SILVA, six-feet tall and gawky, long arms and legs. He wears black Nike sneakers with a red swoosh, blue jeans and a blue short-sleeve shirt with the words: "I Drink Your Milkshake" written in old English script across the front. He is fastidious in his work, making adjustments, checking and double-checking to make sure the chairs are arranged in a way only he seems to know or notice.

SILVA

(looking at the poster)

That cover … I'm going to have nightmares for months. I'd rather talk about what Amelia finds in the Kiss's basement. And I DON'T want to talk at all about what she finds down there. In the basement. Trap doors. Locked rooms. I've never liked clowns. Coulrophobia, it's called, you know, fear of clowns. Leave it to Kane to fuck with my head.

ELKIN

(wearily)

This whole series fucks with my head. I don't know how to make sense of it. To parse it. Where's the hook? Who am I supposed to be following? I can handle unconventional. I can do oddball, but this is something else.

SILVA

I know. It's great! Not one issue, not a one (or a five) prepares you for what comes next. I'm all for randomness, but I'm glad to let the Bulletproof Coffin mellow a bit. One minute, a murder conspiracy (maybe) the next a jazz club, cards and cut-ups. I thought I had seen everything and then, issue #6. Who thinks this kind of shit up? Really? Black rain, a guy with his mouth sewn shut who speaks through dolls? That basement. Kane and Hine outdid themselves on this one. Man! Those cats can wail.

EKLIN

(demanding)

What's so wrong with order? Telling a story. Why all the obfuscation? I can dig it, but it makes for a bugger of thing to try to write about. I think I need more than this non-repeating post-post-modern, interpretation all the way done randomness.

Two young girls (ages three and eight) run into the room and between the rows of chairs chasing after one another. SILVA looks up momentarily distracted as they run out of the room again. He turns back to Elkin and goes back to work. 

SILVA

(mumbling)

Keeping the world strange… all I'm saying.

ELKIN

(agitated)

Planetary! Planetary! Don't you blaspheme in here! You're not pullin' no

Planetary on me are you, Silva? I was reading Planetary while you were hanging out in your fancy east-coast ivory tower graduate school classes, navel-gazing, staring into the middle-distance thinking, who would win a punch-up, the deconstructionists or the new critics!

VOICE

Hey, what's all this noise?

SACKS enters. He is a kind-looking gentleman, distinguished, mid-forties, avuncular. He is ELKIN and SILVA's boss. Behind Sacks, stands a much younger man tapping away at a smartphone he holds in both hands. This is DJELJOSEVIC, he does not talk. He is the personification of detached early-twenties cool.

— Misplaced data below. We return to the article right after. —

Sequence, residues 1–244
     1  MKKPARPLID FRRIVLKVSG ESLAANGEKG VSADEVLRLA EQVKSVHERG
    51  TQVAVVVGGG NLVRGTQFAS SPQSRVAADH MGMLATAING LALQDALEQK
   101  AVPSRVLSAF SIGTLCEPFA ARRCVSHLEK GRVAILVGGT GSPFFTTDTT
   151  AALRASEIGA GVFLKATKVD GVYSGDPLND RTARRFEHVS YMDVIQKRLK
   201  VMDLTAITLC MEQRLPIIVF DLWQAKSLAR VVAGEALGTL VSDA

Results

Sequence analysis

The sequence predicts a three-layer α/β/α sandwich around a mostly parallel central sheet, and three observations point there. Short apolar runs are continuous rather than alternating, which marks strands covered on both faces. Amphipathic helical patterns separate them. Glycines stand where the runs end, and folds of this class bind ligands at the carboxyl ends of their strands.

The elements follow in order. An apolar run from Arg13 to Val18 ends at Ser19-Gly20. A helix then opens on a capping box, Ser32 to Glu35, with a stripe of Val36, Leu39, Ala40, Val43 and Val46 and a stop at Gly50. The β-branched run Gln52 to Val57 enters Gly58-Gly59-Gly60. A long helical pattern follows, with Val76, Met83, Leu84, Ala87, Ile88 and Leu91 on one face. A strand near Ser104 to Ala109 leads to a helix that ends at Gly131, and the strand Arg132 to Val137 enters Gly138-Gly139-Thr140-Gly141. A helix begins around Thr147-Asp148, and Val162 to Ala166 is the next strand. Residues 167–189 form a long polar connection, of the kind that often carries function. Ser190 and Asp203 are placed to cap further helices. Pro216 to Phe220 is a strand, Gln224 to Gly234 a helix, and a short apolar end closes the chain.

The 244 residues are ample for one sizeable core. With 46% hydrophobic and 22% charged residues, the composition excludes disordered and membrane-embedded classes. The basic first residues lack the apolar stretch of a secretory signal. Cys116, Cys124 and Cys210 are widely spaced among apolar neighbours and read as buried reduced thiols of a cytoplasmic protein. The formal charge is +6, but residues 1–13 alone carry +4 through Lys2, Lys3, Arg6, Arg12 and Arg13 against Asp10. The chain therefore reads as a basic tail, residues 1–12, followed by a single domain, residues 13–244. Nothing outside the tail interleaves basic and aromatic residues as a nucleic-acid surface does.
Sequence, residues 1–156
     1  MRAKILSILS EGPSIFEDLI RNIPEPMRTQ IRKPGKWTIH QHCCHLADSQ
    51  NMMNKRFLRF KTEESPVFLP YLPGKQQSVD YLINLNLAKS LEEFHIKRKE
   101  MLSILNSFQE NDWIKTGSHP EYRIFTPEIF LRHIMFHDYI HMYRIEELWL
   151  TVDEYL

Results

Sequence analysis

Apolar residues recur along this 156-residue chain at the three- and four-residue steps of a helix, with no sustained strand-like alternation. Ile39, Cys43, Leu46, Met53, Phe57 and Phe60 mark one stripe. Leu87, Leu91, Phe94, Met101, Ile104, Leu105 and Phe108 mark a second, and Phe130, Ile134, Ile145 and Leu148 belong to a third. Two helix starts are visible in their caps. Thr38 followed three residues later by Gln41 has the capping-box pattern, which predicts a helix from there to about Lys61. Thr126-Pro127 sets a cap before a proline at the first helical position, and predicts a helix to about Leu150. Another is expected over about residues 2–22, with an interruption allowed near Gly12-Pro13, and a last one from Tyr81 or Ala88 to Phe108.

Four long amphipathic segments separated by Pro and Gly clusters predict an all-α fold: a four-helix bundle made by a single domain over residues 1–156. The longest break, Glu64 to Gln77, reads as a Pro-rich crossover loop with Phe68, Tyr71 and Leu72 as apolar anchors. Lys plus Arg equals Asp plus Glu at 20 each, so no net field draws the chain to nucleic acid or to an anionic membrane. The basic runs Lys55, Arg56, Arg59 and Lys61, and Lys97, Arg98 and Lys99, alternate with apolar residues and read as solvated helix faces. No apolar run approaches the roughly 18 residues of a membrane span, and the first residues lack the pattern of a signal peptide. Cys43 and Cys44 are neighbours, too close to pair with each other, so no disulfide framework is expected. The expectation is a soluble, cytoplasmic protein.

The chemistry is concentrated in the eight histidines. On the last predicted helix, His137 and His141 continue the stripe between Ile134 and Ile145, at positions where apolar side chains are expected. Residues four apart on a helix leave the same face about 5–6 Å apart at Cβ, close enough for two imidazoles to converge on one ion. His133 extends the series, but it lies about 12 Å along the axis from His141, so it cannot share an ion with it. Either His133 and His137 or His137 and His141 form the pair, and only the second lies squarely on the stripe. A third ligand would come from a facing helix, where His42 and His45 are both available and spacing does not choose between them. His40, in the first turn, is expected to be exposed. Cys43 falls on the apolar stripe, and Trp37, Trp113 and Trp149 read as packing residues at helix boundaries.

SACKS

Are you two almost finished? You know, you've got other work to do.

(beat)

Carry on, gentleman. 

SACKS and DJELJOSEVIC leave. ELKIN holding a chair under each arm as SILVA, straightens a chair, moving it micrometers with his fingertips. ELKIN sets the chairs down.

SILVA

(not looking at Elkin, focused on a row of chairs)

All I'm saying is Bulletproof Coffin: Disinterred is the anti-anodyne, full of switchback loops, bright colors and a warren of rabbit holes. It's what you bring to it, it's like you said, you gotta' work for it, it's work-for-hire escapism. We could probably talk for hours about dreams, the dream-life of the Bulletproof Coffin: Disinterred. It seems a cheat to think, "it was all a dream," but what if it was, a story, a fiction, something made-up?

I'm clowning you, Elkin, but there sure are a lot of dreams, a lot of dreamers. Can you anchor your reality, your understanding in a dream, would you want to? Hine and Kane give you a way out. Deacon's way. Did Deacon find a way out or did Deacon find a way in? Is he the mole or is that some other traveler, on some fool's errand. I'm struck by the pathos in the end, for Nancy, for Clarissa, for Amelia. The subversions are all around in this last issue, the rug is barely under your feet before Hine and Kane are yanking it out from under us again, and again and again.

ELKIN goes to one end of one of the rows and pulls a hidden laptop from beneath one of the chairs. SILVA sits down on the opposite side of the room. Everything is silence. SILVA, has produced his own laptop as well. He begins to type …

FADE OUT.